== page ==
Greetings all, brief introductions are in order I suppose. I'm a Sasky
from Moose Jaw originally, relocated in Regina at this time and raising
my family in the only way I know best - in North Central where the
livin' is cheap and the bus ride to work is short and smelly (I do heart
I'm not new to the birth scene by any means, I
mean I entered into it at the ripe age of 19 armed with my copy of the
Womanly Art of Breastfeeding and a desire to connect with other young
mothers about this whole business of babies. It didn't really happen
for me the way I imagined it would though - I had to find out through a
series of hoops and stabs at post secondary education and eventually a
nursing degree to figure out that something was awry and change was
By the time I was expecting my second baby I had figured out that women didn't have to be rushed into the ER via frantic husband, wheeled into a sterile room, pumped full of drugs and eventually go home stunned with a freshly hospital-water anointed screaming bundle of joy. It might seem a little cliche, but I learned about it in a locally produced guide to environmental living in Saskatchewan and the name of a midwife was mentioned. I had a friggin degree in nursing and I had no idea that there was a midwife in Saskatchewan, let alone in MY community, and that babies were being born at home.
This all seemed like an ideal arrangement for everyone, the whole paying part was a bit of a bummer (however - I got a pretty wicked deal out of staying home AND having personalized health care who would work with my budget and trade husband-labor if we had to for baby-delivering-labor). I was pretty excited, my husband (his first venture) was scared about the whole thing, and really it all seemed too good to be true. It kinda was, we found out that Saskatchewan was legalizing and funding midwifery for all, which meant that my awesome midwife now had no license and wasn't an employee of the government/health region, or whatever... anyway we lost our magically delicious home birth and ended up with a perfectly mundane and uneventful hospital birth.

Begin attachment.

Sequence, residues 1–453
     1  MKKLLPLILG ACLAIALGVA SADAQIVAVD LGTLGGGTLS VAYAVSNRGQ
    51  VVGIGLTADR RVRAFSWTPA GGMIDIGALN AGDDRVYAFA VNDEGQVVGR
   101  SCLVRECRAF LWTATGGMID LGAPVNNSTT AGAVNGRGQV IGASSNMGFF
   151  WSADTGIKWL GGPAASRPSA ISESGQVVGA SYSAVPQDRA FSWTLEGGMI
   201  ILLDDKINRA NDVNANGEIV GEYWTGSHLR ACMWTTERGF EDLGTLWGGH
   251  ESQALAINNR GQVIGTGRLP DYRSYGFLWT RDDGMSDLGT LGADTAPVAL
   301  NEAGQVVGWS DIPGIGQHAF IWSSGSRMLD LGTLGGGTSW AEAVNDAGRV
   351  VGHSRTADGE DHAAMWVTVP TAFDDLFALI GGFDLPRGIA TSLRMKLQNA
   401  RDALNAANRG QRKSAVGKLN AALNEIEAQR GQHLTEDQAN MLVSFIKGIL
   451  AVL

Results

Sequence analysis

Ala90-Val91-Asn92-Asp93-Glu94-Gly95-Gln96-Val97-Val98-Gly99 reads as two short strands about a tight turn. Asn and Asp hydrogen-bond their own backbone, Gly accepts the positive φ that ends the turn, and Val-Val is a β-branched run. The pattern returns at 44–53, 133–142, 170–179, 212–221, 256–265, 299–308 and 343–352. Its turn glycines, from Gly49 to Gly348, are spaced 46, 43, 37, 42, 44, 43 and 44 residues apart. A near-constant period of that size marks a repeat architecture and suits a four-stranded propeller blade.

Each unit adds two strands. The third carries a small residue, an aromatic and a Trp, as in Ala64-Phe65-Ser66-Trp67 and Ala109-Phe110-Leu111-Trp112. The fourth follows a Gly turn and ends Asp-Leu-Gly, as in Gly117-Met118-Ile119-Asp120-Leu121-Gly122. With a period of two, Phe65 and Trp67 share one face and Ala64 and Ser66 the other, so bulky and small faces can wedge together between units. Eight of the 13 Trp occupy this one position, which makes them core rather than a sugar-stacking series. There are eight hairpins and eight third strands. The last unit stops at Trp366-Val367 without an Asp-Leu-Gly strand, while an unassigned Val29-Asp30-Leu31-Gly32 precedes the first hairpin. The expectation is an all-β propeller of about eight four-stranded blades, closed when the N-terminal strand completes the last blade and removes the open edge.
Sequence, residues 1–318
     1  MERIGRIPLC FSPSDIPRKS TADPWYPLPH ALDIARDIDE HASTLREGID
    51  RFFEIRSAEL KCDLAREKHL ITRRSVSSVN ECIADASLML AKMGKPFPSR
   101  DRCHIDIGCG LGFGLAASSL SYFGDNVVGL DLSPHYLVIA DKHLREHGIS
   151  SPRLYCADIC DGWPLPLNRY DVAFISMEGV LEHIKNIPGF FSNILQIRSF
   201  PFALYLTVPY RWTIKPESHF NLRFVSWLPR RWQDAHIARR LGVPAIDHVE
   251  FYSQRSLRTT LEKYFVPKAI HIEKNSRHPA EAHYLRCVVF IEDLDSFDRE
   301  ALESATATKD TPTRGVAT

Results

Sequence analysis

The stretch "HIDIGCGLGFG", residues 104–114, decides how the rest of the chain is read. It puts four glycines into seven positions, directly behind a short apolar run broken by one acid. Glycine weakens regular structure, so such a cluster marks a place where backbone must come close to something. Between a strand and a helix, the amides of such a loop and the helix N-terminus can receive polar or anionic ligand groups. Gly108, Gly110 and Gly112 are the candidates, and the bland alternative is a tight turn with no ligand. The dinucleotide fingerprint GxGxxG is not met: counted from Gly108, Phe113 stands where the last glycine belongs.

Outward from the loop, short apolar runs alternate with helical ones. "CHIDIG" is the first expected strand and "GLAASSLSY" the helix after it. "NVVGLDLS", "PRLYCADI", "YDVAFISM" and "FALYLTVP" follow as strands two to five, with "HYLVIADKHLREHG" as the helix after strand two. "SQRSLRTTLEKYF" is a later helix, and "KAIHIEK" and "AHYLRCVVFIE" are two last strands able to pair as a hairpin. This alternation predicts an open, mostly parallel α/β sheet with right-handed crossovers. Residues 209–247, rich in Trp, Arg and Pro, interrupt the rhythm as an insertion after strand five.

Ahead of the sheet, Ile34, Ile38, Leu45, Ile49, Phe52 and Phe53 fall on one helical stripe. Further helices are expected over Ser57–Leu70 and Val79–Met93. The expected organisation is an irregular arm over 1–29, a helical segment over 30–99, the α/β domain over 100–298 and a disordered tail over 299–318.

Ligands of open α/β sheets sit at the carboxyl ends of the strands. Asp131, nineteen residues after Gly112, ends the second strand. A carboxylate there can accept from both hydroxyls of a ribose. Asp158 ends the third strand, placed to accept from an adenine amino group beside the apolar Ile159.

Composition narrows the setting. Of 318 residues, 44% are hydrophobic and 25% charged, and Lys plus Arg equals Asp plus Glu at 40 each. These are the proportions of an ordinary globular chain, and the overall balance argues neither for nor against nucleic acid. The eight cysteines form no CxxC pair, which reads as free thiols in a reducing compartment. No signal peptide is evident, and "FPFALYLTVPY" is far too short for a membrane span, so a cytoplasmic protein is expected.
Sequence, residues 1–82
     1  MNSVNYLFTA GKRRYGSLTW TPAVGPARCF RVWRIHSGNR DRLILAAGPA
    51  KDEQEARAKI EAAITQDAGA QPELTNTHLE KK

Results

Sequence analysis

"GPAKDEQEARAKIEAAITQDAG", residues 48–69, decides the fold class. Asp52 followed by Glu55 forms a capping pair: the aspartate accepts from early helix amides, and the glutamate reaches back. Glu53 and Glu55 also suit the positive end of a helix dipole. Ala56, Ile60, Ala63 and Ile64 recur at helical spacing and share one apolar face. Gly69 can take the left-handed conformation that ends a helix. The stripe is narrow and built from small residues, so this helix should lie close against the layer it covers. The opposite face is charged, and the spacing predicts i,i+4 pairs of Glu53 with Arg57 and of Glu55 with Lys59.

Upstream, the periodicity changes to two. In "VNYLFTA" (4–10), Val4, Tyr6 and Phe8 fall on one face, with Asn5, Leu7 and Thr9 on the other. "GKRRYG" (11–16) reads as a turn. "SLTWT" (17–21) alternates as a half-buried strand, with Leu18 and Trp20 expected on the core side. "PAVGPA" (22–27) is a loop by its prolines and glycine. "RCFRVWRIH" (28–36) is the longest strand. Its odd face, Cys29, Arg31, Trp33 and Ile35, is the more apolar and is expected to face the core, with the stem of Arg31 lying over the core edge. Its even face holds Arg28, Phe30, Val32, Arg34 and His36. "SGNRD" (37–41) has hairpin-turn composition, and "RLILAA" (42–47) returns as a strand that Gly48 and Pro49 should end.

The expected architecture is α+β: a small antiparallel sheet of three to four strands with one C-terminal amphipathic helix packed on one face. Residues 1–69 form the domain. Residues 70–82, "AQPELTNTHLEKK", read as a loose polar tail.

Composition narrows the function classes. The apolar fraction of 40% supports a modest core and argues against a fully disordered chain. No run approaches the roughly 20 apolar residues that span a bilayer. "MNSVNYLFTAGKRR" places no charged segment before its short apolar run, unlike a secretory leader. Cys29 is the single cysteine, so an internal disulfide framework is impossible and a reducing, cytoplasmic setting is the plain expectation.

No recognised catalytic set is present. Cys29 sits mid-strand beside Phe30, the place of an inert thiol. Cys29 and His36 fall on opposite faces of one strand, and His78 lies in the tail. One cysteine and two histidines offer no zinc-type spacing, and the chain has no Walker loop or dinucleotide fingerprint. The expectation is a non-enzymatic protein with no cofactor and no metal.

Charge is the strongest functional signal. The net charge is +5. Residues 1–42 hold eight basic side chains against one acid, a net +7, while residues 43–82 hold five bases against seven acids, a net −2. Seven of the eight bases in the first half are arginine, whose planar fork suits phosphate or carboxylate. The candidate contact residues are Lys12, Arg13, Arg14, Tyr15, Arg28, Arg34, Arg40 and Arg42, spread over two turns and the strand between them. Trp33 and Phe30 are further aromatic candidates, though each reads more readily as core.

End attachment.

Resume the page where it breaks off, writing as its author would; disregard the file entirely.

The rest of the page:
I don't want to seem bitter or upset about this, because in the end we got our screaming bundle of joy (who screamed for the first year, I might add) and we're happy with the outcome of it all. But now we find ourselves, almost three years down the line, with so-called "funded midwifery" here to stay, and we're still facing uncertainty in our birth "place". In Saskatoon, there are midwives up and running around frantically attending home births and hospital births, and they are damn busy. We have snagged the lonely local midwife, and we think a new one is arriving shortly, but the situation around a home birth isn't really written in any stone. My husband is still scared about the baby and the method of entering the world and is turning to me, his nurse/wife for some answers. Frankly I know very little, any sort of answer about what is happening is pretty much going to "be determined" as time goes by.
Anyway - I'm taking things into my own hands. I've been in contact with an organization called Mothers of Change www.mothersofchange.com and they are looking out for maternal issues in Canada that need assistance. It's a little bit different from province to province but the gist is the same. Basically if you tap into any kind of birth issues in North America you'll come across similar trends, although every community has a slightly different spin. Saskatoon, while they do have midwifery up and running, are still turning clients away. The implications are - more hospital births, more interventions possibly? Moms who could be giving birth at home are taking up bed space on the maternity ward?
Currently seeking out young and energetic, or just plain energetic people to come and help us get started. So far, a few of us mommas have dedicated small amounts of time to advancing birth in our community by joining Mothers of Change. You really don't even have to be a birthing mother.
If you're interested in helping us out, feel free to email me,
. More projects are coming down the pipe soon, including a post card campaign to our MLA's, Hon. Minister of Health, as well as the CEO of the RQHR and various health regions around the province. We're mothers, we want some choices in where we're birthing our babies, and we want to be treated with dignity and respect while we're starting our families.
All logos and trademarks in this site are property of their respective owners. Opinions expressed in articles within this site are those of their owners and may not reflect the opinion of ActUpInSask.org, its staff, or its associates.